Technology creates power. Those who use it can increase their capabilities to communicate, produce or survive. And that is usually a very good thing. But those who own it have their finger on the master switch and act as gatekeepers to essential services.

More of us than ever feel powerless when it comes to technology. Jobs are being lost to automated robots, constant surveillance overshadows our lives, lack of skills prevent us from using the latest gadgets and software. There are many of us who experience this dark side to the advancing march of technology.

But this is no Terminator situation yet – the machines themselves are not cause for concern. What we need to worry about is the people and institutions that own the hardware or software and use it to consolidate their own grip on power.

First and foremost we will see this in the workplace. The owners of companies, whose pure and simple imperative is to generate profits, hold enormous power over their employees. Where labour is expensive or troublesome for employers, there is an increasingly feasible option of investing in automation. This means there are not only the crowds of unemployed workers, who could be drafted in at any moment, to discipline the workforce — now there is the increasing threat of algorithms and computers. This means that wages stay low and companies do not invest in improving productivity.

Technology is providing new and insidious means of keeping the wage bill down. Platform companies, such as Uber and Deliveroo, enable a business model that extracts value from workers’ labour without formally employing them or bearing any responsibility for paying minimum wage rates or providing sick pay. Surveillance technologies, like those employed in Amazon’s warehouses, allow the company to reward and punish workers for particular behaviours in an especially intrusive and dehumanising manner. The collection and sharing of personal data could make it cheaper and easier for employers to uncover personal details, like pregnancies, about their workers.

These developments are varied but have one thing in common: empowering employers at the expense of employees. This is a far cry from the Silicon Valley vision of technology, where individuals are empowered to take on the world. Having your own Twitter account may indeed give you a freedom and power you did not previously experience, but it is nothing in comparison to the power and influence being amassed by those who own and control online networks. It’s no coincidence that Donald Trump made a very swift move to meet and placate tech leaders after his election.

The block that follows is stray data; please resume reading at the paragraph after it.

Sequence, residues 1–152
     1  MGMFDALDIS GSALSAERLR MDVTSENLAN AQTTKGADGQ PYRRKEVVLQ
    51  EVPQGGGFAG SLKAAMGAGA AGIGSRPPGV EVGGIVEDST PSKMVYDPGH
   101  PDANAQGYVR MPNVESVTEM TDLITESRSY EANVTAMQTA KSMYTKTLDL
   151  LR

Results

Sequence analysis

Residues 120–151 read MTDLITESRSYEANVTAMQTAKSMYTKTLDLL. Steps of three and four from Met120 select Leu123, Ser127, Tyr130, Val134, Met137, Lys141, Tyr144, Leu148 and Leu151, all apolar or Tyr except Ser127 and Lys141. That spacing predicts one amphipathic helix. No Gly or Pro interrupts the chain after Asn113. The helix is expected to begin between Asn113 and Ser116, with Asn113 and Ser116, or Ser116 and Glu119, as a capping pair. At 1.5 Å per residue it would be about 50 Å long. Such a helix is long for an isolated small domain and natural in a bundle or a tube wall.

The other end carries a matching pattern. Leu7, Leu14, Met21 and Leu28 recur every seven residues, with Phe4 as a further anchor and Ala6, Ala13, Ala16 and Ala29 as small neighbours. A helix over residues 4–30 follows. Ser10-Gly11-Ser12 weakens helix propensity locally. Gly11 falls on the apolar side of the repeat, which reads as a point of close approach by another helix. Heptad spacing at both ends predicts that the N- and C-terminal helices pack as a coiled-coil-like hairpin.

It’s clear then, that for all its benefits technology brings risks that we need to counter. These will manifest in two important ways:

  • Worsening inequality and wellbeing. On the current trajectory, large swathes of our workforce will have increasingly inadequate pay, more precarious employment contracts and intolerable working conditions, while a small number of gatekeepers will own, control and profit from digitalised goods and services.
  • A breakdown of the welfare state and the tax system. Without proper action now, a major source of public revenue – income taxes – will be greatly eroded. It’s no wonder the Prime Minister has ordered a review of the consequences of platform companies for the public purse. More fundamentally, the consensus that sustains the welfare state in many countries depends on widespread contribution to the system – as well as widespread benefits. A society that is split into technological winners and losers may see this consensus break down.

These technological trends are well on their way, but politics is far behind. New policy ideas and reinvigorated debate are needed urgently. For a start we need to be considering:

  • Collective and public ownership of digitally produced goods and services, to fundamentally reallocate power, not just resources
  • A shorter working week, to distribute the available work more evenly
  • A reimagined role for trade unions, to balance the increasing power of employers
  • Stronger regulation to govern surveillance by companies and the state
  • Public investment in high-quality, affordable essentials like housing and energy

Technology can and should benefit everyone – to use it as a tool for concentrating power and wealth among an elite is a shameful waste. But this is what will happen unless we take back some control over this transformation and shape it for the common good.